The 16th edition of the World Amateur Boxing Championships produced Great Britain's best ever medal haul with four podium places - three silver and one bronze. That is a statistic worthy of further analysis.
The championships began in 1974 when 274 boxers from 45 nations went to Havana, compared to the 570 from 120 countries who landed in Baku. And 37 years ago the Home Nations were not among that number; England, Scotland and Wales were conspicuous by their absence.
Even when they did enter, British boxers did not win a medal until the 10th edition in 1999, when Welshman Kevin Evans claimed a courageous, battling bronze in Houston after taking his lumps against the legendary Felix Savon in the heavyweight semi-final.
Fast-forward 12 years and the power base of amateur boxing has shifted. Cuban boxers are no longer the undisputed rulers of the ring, a fact often attributed to the number of amateur stars from that country who choose to defect and join the professional ranks elsewhere.
While this is undoubtedly a factor in Cuba's decline, other rivals have improved and emerged as serious contenders for medals on the world scene - chief among them Great Britain.
Former professional world-title challenger Robert McCracken was appointed as performance director for GB Boxing in November 2009. The programme he inherited had just returned without a single medal from the World Championships in Milan.
Since then, boxers under the auspices of the GB programme have won medals at every international tournament entered, including an unprecedented two European champions (Welsh duo Andrew Selby and Fred Evans) in Turkey in June 2011. The GB boxers have consistently proved that they are among the best in the world, and that notion was reinforced emphatically in Baku.
It's worth noting the immediate, overriding emotions of the three British silver medallists - Andrew Selby, Luke Campbell and Anthony Joshua - were frustration, disappointment, even anger as they left the ring.
Regardless of the stage, the quality of the opponent, not to mention the fact they had won silvers, they had each lost and their competitive pride had been jarred.
This winning mentality is evident throughout the programme. They understand that they may not always win, or even perform to the best of their ability, but they refuse to be intimidated by the reputation of any individual opponent or nation.
They genuinely believe they are among the best and that they belong. Such a positive mental attitude and deeply rooted confidence bodes well for the London 2012 Olympics.
And that is just as well because judging by the quality that has been on display throughout these championships, medals at the Games are going to be very hard to come by.
Statistically, Ukraine were the strongest nation with five finalists. Four of their fighters claimed titles and leading the gold rush once again was amateur superstar Vasyl Lomachenko in the 60kg division.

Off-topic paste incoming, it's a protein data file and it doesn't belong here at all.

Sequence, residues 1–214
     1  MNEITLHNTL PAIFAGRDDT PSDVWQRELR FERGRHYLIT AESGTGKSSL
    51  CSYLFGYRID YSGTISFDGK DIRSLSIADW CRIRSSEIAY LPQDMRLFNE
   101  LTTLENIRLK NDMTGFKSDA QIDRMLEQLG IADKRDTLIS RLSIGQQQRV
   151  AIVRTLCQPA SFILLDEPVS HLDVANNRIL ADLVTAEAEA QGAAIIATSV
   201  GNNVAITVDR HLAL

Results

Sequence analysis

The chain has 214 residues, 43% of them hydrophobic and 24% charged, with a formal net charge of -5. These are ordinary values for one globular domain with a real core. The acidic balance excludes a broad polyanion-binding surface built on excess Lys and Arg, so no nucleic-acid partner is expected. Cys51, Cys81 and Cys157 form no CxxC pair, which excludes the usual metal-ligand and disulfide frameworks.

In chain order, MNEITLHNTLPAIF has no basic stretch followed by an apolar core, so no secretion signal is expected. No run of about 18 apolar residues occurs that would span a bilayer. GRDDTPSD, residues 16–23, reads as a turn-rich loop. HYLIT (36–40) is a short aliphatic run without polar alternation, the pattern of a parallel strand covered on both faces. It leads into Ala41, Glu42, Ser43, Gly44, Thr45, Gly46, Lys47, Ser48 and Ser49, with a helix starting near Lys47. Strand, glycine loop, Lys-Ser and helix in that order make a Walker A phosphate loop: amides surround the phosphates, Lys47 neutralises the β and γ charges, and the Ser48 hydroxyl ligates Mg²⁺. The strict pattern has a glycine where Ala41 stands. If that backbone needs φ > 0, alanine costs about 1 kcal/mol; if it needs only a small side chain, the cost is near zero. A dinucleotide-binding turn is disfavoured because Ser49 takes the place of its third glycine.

The reigning Olympic champion and Val Barker Trophy winner retained his status as a world champion, adding the lightweight title to the featherweight gold he won in 2009. His marauding, relentless, heavy-handed style is exciting to watch and devastatingly effective in the ring.
To paraphrase Mark Twain, rumours of Cuba's amateur boxing demise may have been greatly exaggerated. They produced two champions from three finalists and, in light-heavyweight Julio la Cruz, have a boxer of the highest quality.
La Cruz is that rarest of Cuban commodities; an amateur fighter with an orthodox stance but he uses incredible footwork and lightning reflexes to retreat from harm's way, before retaliating with cobra-quick fists on the end of arms that appear to go on forever. It makes for a formidable combination.
And it would be remiss not to give a special mention to Azerbaijan's Magomedrasul Medzhidov, conqueror of England's Anthony Joshua in the super-heavyweight final.
The newly crowned world champion might not win any prizes for technique but what he lacks in style is compensated for by an abundance of heart, will and determination.
In just about all of his contests he absorbed some tremendously heavy punches from elite fighters who weigh over 91kg. Yet his spirit was simply indomitable, willing his way forward in the manner of Rocky Marciano, or Balboa even, to land more bludgeoning blows than the other guy.
He received a standing ovation from the crowd, his cherished gold medal from the president of his country, and the Boxer of the Tournament award for his supreme efforts.
All in all, it was a fairytale finale to a fantastic World Championships.